(CBCL, TRF, YSR, SCICA,
(ABCL, ASR, BPM/18-59)
Adults (OABCL, OASR)
(ASEBA-PC, ASEBA-Network, ASEBA-Web)
Neuroticism and Major Affective Disorders as
Risk Factors for Children in Quebec, Canada
studies indicate that many people experience major affective disorders
(MADs) at some time in their lives. Both genetic and nongenetic
factors contribute to the development of MADs. A research team
at the University of Montreal designed a longitudinal study to
elucidate interactions between parental MADs and other parental
characteristics as risk factors for children's behavioral and
emotional problems (Ellenbogen & Hodgins, 2004). Parents of
146 Quebec 4- to 14-year-olds were assessed with French translations
of the Structured Clinical Interview for DSM-III-R (SCID), the
NEO-PI-R five-factor personality inventory, and other measures.
French language CBCLs were completed by parents and TRFs were
completed by teachers. The Child Assessment Schedule (CAS) was
administered by clinicians to assess children's symptoms. Children
whose parents obtained high neuroticism scores received significantly
higher scores on the Anxious/Depressed, Withdrawn, and Social
Problems syndromes of the CBCL and TRF than did children whose
parents obtained lower neuroticism scores. Based on the CAS, clinicians
also reported more symptoms among children whose parents obtained
high neuroticism scores. Although the children had not yet entered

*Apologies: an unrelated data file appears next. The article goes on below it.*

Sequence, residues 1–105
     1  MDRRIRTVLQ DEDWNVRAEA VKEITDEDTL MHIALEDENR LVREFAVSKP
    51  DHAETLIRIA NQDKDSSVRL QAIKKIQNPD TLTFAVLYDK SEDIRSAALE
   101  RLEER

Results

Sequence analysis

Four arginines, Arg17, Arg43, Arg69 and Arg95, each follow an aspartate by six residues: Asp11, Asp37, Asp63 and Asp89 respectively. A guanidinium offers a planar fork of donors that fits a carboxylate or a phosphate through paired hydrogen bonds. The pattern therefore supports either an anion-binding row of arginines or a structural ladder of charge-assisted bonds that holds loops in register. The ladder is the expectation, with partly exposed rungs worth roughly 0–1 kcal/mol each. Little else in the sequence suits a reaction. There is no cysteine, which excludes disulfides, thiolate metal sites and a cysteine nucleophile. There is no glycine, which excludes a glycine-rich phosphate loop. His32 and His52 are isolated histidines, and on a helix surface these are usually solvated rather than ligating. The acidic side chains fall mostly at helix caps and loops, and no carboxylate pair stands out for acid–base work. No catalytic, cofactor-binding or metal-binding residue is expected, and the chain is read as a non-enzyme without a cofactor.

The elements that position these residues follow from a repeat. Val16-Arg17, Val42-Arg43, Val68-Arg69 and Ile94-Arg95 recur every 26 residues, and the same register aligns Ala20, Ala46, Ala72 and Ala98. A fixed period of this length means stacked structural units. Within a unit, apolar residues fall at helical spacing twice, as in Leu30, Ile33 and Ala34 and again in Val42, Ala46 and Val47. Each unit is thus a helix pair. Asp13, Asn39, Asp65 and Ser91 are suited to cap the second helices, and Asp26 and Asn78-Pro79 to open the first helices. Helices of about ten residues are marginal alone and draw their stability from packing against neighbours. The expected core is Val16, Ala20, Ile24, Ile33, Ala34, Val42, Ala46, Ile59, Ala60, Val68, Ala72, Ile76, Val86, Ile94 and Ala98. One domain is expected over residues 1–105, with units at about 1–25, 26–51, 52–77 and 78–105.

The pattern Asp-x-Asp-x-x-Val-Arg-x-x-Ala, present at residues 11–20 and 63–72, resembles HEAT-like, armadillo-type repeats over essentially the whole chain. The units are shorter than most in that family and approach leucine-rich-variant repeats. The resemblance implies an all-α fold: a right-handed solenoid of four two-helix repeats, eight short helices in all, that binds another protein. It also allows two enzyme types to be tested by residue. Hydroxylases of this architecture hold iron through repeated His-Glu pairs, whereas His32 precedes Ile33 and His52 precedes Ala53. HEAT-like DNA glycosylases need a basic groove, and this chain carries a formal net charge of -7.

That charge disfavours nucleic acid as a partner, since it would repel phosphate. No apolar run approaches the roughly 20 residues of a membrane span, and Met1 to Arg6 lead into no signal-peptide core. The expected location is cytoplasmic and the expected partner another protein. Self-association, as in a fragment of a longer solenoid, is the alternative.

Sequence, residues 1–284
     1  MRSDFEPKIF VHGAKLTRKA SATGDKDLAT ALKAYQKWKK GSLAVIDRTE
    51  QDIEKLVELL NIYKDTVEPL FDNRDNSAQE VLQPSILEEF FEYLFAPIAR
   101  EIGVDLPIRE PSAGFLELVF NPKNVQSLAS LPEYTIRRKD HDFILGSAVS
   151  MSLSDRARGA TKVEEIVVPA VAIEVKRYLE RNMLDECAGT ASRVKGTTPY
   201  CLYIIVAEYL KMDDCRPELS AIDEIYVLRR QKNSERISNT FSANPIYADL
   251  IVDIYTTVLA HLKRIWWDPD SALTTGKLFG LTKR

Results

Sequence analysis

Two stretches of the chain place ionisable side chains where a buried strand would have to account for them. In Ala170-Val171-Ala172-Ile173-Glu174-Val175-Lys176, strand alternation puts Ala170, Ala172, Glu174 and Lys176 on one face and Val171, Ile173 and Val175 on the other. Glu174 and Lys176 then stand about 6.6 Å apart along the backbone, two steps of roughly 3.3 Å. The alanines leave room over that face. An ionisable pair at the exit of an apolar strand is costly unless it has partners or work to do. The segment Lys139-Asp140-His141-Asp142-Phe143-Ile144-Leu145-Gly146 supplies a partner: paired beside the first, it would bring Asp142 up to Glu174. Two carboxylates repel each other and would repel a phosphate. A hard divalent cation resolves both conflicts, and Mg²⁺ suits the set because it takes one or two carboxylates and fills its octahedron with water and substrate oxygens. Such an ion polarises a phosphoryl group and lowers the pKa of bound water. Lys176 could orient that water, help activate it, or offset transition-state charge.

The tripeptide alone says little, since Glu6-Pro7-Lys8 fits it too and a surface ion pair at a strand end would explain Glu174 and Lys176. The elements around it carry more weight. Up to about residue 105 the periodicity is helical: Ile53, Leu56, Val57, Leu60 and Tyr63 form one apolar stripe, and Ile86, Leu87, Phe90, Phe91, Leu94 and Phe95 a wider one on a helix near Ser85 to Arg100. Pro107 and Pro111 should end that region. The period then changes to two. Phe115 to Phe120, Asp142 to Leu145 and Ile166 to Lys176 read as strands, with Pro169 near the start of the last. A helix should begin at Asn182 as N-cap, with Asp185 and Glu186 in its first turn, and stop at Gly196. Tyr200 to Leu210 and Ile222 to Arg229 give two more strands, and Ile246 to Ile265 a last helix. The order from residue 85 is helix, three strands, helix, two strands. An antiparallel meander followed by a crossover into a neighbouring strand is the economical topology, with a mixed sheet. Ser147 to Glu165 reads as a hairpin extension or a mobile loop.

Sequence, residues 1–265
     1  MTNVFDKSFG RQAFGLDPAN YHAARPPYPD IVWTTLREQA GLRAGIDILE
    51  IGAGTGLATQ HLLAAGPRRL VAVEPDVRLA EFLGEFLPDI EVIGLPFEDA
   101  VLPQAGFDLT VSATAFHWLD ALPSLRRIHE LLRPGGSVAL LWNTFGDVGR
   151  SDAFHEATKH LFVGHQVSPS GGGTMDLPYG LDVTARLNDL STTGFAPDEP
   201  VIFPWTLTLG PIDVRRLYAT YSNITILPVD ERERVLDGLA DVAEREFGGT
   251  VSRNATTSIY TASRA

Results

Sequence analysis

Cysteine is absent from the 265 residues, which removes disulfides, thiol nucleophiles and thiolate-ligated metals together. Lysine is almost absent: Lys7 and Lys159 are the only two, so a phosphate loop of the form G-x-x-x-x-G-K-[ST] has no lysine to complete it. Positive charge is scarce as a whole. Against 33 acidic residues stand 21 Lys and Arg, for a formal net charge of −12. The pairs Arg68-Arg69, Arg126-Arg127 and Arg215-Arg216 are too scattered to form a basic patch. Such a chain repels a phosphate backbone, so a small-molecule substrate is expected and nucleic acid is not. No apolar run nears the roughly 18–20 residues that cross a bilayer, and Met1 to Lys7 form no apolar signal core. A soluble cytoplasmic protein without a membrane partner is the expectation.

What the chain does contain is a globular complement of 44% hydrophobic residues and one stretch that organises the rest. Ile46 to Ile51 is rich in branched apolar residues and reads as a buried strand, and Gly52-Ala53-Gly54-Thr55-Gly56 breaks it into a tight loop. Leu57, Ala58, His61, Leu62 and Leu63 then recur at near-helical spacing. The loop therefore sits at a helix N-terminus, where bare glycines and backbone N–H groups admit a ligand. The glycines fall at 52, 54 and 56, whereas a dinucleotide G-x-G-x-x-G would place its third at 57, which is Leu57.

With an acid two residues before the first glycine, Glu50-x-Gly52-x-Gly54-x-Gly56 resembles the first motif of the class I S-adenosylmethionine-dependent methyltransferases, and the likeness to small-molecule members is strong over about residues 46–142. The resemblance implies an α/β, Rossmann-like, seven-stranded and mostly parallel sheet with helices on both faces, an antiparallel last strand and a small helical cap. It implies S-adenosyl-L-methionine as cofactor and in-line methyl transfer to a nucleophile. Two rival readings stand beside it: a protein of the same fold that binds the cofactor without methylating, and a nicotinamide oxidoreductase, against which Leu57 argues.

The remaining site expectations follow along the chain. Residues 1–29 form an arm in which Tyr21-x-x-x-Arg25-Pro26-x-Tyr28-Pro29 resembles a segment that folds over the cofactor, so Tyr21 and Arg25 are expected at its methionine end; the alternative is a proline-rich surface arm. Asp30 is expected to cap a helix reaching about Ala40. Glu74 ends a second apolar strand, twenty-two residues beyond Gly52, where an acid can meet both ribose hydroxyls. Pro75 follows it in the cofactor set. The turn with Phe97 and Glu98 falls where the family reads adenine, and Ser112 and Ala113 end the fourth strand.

the age of high risk for MADs, it appeared that the children's
problems were predicted by parental neuroticism and its associated
characteristics, over and above any effects of diagnosed MADs.
This was true for problems assessed with the TRFs completed by
teachers and the CAS completed by clinicians, as well as for problems
assessed with the CBCL completed by parents. The authors concluded
that "parents' neuroticism, partly through its influence
on psychosocial factors, was predictive of child social, emotional,
and behavioral functioning during middle childhood . . . In contrast,
indices of genetic risk for the MADs had no direct impact on child
functioning" (p. 129).
Reference: Ellenbogen, M.A., & Hodgins, S. (2004).
The impact of high neuroticism in parents on children's psychosocial
functioning in a population at high risk for major affective disorder:
A family-environmental pathway of intergenerational risk. Development
and Psychopathology, 16, 113-136.